# Empirical Direction in Design and Analysis

By Norman H. Anderson | Go to book overview

Chapter 9
REGRESSION AND CORRELATION

Prediction is a strong point of regression analysis, already illustrated with prediction of success in graduate school in Section 1.5.1 (page 25). Regression analysis has valuable capability to utilize observational data, as in this example, not requiring experimental control. Multiple predictor variables can be teamed for better results with little more trouble than a single predictor. This simplicity contrasts with factorial Anova, in which each added variable expands the bulkiness of the factorial design. This usefulness of regression analysis reflects the empirical prevalence of linear trends with quantitative, metric variables.

With experimentally controlled variables, regression analysis can also be useful. Many experimental variables are metric: amount of reward, concentration of drug, length of word list, time intervals, and so forth. By utilizing the stimulus metric, regression can extract more information than factorial Anova. Simpler, nonfactorial designs also become feasible.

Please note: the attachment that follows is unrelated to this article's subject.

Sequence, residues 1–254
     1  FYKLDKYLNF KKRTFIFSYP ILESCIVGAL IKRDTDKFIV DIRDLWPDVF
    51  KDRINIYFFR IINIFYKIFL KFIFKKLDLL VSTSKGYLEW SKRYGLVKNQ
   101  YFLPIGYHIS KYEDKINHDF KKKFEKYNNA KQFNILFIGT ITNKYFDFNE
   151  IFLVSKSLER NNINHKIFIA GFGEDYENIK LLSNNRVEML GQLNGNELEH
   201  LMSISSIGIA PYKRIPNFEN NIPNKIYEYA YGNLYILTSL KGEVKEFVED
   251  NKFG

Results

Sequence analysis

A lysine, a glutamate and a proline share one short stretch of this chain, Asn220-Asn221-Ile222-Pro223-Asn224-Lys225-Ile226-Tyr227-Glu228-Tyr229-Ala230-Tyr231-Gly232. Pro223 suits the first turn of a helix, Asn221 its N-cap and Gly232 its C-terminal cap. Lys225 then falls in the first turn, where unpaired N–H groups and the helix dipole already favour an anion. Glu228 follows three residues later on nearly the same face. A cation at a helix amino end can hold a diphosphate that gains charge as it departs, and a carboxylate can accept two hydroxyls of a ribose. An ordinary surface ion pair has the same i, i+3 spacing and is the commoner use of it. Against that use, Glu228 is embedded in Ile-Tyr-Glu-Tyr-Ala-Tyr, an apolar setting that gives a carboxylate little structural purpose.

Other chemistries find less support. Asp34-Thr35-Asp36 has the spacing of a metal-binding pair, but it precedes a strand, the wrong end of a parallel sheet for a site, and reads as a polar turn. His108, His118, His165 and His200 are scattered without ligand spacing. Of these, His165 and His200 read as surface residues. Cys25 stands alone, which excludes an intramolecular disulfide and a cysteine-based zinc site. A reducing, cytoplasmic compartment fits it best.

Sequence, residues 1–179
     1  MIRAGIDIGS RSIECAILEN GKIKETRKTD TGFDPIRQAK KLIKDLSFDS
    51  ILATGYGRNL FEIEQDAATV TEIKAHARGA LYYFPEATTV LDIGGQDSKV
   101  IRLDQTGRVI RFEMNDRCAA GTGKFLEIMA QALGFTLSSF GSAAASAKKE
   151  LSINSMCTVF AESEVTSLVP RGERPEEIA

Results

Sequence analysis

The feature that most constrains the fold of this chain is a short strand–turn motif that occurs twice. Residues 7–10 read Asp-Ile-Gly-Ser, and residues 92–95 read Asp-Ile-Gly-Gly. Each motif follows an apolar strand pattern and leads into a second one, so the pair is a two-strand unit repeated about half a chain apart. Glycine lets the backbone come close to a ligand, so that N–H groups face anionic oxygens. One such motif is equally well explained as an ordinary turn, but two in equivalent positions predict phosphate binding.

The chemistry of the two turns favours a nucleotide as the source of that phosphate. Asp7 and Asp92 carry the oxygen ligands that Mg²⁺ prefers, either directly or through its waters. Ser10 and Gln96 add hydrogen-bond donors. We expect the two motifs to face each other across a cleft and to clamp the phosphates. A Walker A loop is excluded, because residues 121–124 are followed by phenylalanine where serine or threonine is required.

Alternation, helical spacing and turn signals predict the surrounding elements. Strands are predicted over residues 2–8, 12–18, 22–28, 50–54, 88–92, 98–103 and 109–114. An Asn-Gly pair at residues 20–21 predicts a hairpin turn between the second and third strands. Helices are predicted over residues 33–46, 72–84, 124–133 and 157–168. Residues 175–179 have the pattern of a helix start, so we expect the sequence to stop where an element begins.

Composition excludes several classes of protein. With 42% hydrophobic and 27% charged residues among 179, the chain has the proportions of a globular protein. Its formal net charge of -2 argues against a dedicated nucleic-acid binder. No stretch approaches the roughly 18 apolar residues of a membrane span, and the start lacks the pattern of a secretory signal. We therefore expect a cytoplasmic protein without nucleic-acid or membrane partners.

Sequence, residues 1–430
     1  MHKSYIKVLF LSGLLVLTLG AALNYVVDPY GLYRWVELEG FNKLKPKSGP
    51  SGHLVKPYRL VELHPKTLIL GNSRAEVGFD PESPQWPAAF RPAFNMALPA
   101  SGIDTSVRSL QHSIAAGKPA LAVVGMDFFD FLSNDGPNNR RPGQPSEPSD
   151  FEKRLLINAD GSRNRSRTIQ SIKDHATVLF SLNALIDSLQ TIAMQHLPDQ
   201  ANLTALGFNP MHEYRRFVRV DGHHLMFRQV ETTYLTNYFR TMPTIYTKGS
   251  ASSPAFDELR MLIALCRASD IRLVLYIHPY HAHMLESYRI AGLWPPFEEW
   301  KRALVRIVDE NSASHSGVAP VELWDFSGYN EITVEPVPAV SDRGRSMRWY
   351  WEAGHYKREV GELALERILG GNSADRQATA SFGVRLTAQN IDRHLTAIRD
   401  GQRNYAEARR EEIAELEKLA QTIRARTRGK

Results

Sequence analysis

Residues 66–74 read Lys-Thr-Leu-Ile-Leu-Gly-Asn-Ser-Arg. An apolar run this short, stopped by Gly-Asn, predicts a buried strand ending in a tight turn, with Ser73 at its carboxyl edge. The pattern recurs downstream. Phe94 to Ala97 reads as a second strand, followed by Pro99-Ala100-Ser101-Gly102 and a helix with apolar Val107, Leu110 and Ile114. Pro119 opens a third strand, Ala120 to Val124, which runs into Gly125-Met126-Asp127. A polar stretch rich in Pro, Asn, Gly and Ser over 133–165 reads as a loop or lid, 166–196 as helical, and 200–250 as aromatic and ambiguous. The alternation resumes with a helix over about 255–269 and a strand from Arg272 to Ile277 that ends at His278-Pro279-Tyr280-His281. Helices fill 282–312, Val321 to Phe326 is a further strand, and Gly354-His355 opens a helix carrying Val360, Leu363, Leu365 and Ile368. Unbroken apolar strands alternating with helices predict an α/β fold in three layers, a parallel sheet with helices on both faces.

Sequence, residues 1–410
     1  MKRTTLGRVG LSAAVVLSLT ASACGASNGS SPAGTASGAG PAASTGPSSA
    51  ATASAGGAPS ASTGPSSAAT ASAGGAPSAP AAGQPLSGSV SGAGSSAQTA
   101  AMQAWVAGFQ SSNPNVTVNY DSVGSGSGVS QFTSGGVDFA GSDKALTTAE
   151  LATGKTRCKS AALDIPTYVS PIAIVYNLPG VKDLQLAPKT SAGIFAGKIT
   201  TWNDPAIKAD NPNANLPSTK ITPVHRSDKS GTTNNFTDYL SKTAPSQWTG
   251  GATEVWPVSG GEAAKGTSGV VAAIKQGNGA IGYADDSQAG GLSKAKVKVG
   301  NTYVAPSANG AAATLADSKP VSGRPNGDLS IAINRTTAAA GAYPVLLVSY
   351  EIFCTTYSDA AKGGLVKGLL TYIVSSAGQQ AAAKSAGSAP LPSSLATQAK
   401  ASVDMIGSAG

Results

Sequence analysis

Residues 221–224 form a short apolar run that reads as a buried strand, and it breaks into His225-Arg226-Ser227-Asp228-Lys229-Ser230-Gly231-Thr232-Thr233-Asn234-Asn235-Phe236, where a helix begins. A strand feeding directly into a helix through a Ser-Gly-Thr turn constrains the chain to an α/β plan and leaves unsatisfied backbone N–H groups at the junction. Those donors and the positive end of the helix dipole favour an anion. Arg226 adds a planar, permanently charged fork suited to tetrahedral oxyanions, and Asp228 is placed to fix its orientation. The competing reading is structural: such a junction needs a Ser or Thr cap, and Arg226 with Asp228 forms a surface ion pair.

For causal analysis with observational data, regression has limited usefulness. A number of health problems, for example, have been traced back to their causes using observational data. Such results are more commonly presented as correlations, derived from the regression. Causal analysis is a weak point of regression with observational data, however, as shown by the well-known pitfalls of correlation.

9.1 ONE-VARIABLE REGRESSION

In one-variable regression, the data come in the form of Y–X pairs, one pair for each subject: Y is the response measure; X is the predictor measure. Thus, X might be grade point average in college, and Y success in graduate school. The problem is to find a formula that uses information in X to predict Y.

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